The present patent application is a continuation of U.S. patent application Ser. No. 11/904,860 filed Sep. 28, 2007, and claims priority to U.S. Provisional Patent Application Ser. No. 60/848,351 filed Sep. 29, 2006. The entire contents of both applications are herein incorporated by reference.
Laser scanning microscopes (such as two-photon and confocal microscopes) are widely used for acquiring images of narrow sections of cells and tissues, in which molecules of interest are tagged with fluorescent molecules, so that the latter render the former visible through emission of light. By acquiring multiple images of such thin sections, three-dimensional images of the samples can be obtained. In experiments involving fluorescence tagging with multiple colors, such as in studies of protein co-localization or protein-protein interactions (studied through Fluorescence Resonance Energy Transfer—FRET—which involves at least two different tags), a fourth dimension becomes necessary, i.e., the spectral dimension (i.e., the wavelength of the emitted light).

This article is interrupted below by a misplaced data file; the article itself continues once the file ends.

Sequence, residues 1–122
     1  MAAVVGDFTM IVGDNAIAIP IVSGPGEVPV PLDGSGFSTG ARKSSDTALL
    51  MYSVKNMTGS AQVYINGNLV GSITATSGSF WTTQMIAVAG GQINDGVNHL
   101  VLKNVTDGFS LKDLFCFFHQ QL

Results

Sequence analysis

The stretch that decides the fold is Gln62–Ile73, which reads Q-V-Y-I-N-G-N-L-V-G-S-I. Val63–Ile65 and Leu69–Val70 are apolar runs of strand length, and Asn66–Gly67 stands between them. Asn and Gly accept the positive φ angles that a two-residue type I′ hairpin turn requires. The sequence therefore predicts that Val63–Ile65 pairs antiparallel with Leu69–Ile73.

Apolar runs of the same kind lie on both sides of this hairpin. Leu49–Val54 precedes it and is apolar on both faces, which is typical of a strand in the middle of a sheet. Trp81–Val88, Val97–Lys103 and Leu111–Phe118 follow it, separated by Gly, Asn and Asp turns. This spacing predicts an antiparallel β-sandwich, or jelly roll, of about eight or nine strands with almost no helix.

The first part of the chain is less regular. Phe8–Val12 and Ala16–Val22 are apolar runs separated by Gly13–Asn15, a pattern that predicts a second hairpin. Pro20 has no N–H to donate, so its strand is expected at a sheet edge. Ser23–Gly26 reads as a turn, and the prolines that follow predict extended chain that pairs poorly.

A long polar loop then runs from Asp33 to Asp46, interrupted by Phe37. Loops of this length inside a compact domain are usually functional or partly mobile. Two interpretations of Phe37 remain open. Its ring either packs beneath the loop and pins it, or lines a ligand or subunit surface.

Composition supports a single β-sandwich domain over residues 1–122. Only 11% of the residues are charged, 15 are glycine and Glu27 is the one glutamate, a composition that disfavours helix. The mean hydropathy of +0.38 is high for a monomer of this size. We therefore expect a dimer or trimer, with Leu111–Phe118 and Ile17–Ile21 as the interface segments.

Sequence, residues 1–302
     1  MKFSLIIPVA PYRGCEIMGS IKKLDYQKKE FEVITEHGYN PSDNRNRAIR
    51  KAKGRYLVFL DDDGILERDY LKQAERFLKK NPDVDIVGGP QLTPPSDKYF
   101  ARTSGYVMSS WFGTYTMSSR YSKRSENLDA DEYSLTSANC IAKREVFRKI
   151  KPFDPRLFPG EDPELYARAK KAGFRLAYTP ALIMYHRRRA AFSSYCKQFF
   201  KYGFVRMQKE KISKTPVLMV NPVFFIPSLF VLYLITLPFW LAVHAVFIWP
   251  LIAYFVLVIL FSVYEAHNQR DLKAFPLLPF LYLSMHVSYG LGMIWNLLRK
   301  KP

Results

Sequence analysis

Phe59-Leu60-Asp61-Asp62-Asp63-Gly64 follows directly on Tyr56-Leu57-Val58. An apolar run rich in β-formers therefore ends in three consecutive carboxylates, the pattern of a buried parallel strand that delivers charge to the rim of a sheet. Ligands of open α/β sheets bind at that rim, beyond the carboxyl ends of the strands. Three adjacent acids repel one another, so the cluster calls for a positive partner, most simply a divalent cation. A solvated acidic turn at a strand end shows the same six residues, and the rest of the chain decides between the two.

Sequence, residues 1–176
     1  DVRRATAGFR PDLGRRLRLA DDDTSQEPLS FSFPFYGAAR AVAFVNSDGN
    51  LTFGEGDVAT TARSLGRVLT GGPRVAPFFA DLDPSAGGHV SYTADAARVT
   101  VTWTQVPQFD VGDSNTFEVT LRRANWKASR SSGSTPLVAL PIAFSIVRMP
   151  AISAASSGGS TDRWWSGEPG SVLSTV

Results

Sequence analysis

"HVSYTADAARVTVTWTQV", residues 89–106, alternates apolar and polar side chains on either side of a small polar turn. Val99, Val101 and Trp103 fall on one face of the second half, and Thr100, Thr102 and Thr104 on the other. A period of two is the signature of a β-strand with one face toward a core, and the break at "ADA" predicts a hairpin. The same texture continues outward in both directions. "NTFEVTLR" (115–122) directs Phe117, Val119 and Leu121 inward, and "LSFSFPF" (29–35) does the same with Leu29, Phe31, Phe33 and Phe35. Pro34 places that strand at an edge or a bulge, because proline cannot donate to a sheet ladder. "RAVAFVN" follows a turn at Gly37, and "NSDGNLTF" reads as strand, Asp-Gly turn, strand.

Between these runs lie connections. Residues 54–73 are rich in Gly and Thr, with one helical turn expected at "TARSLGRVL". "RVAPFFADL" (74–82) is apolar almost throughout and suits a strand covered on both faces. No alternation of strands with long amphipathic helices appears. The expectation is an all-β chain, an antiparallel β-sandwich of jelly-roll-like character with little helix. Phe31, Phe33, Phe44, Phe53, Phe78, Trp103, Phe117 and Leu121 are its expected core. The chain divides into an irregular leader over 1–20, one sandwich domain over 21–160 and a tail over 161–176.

Various detection schemes for spectral properties have been implemented in most commercial confocal microscopes. However, confocal microscopes may suffer from some or all of the following problems, when compared to two-photon microscopes: (1) low acquisition speeds, mostly due to use of a point-scan method; (2) photodestruction (bleaching) of fluorescent light (while the signal is only read from a thin layer), and long time necessary to excite the sample, due to slow reading of the multiple wavelengths at each point; and (3) low signal-to-noise ratio, due to the fact that excitation and emission happen at wavelengths close to one another, making filtering of the signal difficult. On the other hand, known two-photon microscopes, which avoid problems (2) and (3) above, either do not present spectral resolution at all, or, when they do, they suffer from slow acquisition speed.